Art, Space & Audience: 2013 Reykjavik Arts Festival kicks off on 17 May
17 May 2013
Launching the 2013 Reykjavík Arts Festival programme (17 May-2 June), Hanna Styrmisdóttir, Artistic Director, said: “The focus of the 27th Reykjavík Arts Festival (RAF) is on the creative space where the arts intersect, on the creation of new works and the reinterpretation of older works; on innovation, and also on history as a source of inspiration. The great diversity that has been a major strength of the RAF shows up this season in the extraordinary number of artists, both Icelandic and international, who are participating or whose works are being shown, and in this Festival’s focus on the richly varied audience experience. As a temporary platform, the Reykjavík Arts Festival is inherently experimental. It thereby provides an opportunity for non-traditional approaches to the basic function of art institutions, that of bringing together art, space and the audience.
The 27th Reykjavík Arts Festival will open with a newly commissioned work in the central area of Reykjavík harbour on Friday, 17 May, and close in Harpa Concert Hall’s Eldborg on Sunday evening, 2 June, with another newly commissioned work. Through the constant interplay of art, space and audience, the RAF will during this time spread into art museums, libraries, concert halls and across the urban space, with nearly six hundred artists from over 30 countries taking part or having their works presented.
One role of the Reykjavík Arts Festival is to support artistic innovation. This year, numerous works have been commissioned by the RAF. The opening work, Vessel Orchestra, by artist Lilja Birgisdóttir, will be performed in the central area of the Reykjavík harbour, at 5:45 p.m. on 17 May, using the ships in the harbour as instruments. In collaboration with the Radio Theatre and the Reykjavík City Library, the Festival has commissioned six original radio plays by celebrated and emerging playwrights and in a performance series entitled Art & Space, readings will be delivered in city libraries after closing hours. A new performance by artist Magnús Pálsson, Sigh, will be presented in connection with the Palsson’s performance retrospective The Sound of a Bugle in a Shoebox at Reykjavík Art Museum, Hafnarhus. Five previous works by Pálsson will also be performed in this context, in new versions directed by composers, visual artists and actors. The closing piece of this season is also a RAF commission; a work by conductor Ilan Volkov and composer Hlynur Aðils Vilmarsson, written for and performed using the unique characteristics of Harpa Concert Hall’s Eldborg.
History can serve as a source of inspiration and the 27th RAF will commemorate the remarkable year of 1913, in a collaboration with the Iceland Dance Company and Iceland Symphony Orchestra, together with Harpa Concert Hall, to present two of Igor Stravinsky’s musical choreographies: The Rite of Spring, in a new version by Lára Stefánsdóttir and her artistic team, and Petrushka by Jorma Uotinen, considered one of Finnish ballet history’s key works. The Reykjavik Chamber Orchestra will tell the extraordinary creative history of the Polish composer Witold Lutoslawski and the history of the Reykjavík Arts Festival itself will be revisited in a repetition of a concert from the RAF’s very first edition in 1970, Contrasts, in which major works of jazz were played in alternation with classical music compositions. Social history is the foundation for the exhibition Outsiders? in the National and University Library of Iceland. The 27th RAF’s opening concert also goes back in time, into archival audio and video: Bang on a Can All-Stars, from New York, present specially commissioned new music by composers with backgrounds in indie pop, electronica, experimental classical and visual arts in an evening-length concert, Field Recordings.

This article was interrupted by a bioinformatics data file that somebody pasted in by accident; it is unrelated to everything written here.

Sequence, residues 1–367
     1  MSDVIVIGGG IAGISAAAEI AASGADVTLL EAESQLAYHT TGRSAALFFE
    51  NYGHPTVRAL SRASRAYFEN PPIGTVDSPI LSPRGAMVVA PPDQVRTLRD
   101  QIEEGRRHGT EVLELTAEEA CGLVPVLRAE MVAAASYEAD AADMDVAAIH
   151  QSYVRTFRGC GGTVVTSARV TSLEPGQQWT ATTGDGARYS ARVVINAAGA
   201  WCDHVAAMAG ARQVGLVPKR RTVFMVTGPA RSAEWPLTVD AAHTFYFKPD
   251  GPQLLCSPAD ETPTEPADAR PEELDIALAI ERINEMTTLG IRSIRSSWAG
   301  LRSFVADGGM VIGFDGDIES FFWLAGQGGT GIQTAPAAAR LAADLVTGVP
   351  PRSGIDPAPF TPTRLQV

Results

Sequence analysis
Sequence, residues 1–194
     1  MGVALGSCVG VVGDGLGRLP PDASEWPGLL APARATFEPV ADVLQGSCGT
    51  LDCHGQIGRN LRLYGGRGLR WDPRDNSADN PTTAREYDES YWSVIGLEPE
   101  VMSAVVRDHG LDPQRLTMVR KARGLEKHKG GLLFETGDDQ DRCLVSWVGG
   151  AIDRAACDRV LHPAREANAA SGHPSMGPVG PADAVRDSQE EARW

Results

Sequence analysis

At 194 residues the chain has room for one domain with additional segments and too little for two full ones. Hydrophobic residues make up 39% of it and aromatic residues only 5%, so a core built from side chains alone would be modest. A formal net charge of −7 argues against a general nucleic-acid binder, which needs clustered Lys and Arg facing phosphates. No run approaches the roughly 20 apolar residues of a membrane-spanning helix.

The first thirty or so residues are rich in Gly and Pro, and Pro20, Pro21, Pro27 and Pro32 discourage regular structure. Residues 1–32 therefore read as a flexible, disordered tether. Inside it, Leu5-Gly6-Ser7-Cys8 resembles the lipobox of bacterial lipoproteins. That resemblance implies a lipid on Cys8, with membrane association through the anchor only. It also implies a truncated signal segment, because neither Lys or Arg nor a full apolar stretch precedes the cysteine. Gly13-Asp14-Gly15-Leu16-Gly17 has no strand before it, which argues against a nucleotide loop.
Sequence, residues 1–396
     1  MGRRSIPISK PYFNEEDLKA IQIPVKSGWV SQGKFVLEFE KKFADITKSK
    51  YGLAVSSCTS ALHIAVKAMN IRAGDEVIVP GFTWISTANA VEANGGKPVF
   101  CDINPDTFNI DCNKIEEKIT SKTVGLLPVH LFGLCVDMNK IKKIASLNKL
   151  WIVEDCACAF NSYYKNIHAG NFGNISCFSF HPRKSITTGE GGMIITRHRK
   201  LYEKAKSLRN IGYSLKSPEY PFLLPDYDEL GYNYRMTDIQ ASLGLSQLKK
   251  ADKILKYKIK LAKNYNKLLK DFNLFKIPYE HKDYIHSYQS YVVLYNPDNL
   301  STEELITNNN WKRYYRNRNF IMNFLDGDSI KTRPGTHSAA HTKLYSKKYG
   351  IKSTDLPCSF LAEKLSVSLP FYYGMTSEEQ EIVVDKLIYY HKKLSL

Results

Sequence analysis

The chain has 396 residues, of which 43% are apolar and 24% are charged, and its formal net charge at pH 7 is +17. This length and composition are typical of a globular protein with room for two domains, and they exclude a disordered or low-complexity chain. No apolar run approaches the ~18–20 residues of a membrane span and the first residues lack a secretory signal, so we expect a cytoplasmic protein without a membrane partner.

A wide range of audience perception and experience has been kept in the foreground while structuring the 27th RAF. A concert in darkness, a grand piano bus adventure, a choral composition delivered in sign language and marathon musical concerts are just part of what awaits Festival visitors. Those wishing to enjoy more traditional performances will have many choices, too. In Harpa’s Eldborg, the soprano star Diana Damrau will sing Lieder, accompanied by the harpist Xavier de Maistre. In the church Fríkirkjan, love songs by Schumann will be delivered on Sunday mornings, and Harpa’s Norðurljós will be the venue for Spanish compositions from the 18th century up to modern times.
The visual arts will also have their place in the 27th RAF; works on paper by some of the best-known visual artists of our time in the exhibition Art = Text = Art at Hafnarborg; performance art and artist’s books from European small states in Subjective Maps – Disappearences at the National Gallery of Iceland; Spessi’s photographic journal of his travels through the central states of the USA at the Reykjavik Museum of Photography; portraits by 70 artists, presented in every artistic medium, in the exhibition Face to Face at the ASI Art Museum; scent as a medium in the exhibition Intervals at the Reykjavík Art Museum, Hafnarhús; and the retrospective exhibition The Sound of a Bugle in a Shoebox: Magnús Pálsson performances 1980 to 2013, whereby Iceland’s best-known actors, the heavy-metal band MUCK, the Icelandic Sound Poetry Choir and the Icelandic Sign Language Choir appear in the same context. All of the above underline the open and creative space which is the Reykjavík Arts Festival.
The entire schedule may be viewed at the completely revamped, splendid Reykjavík Arts Festival website, www.artfest.is.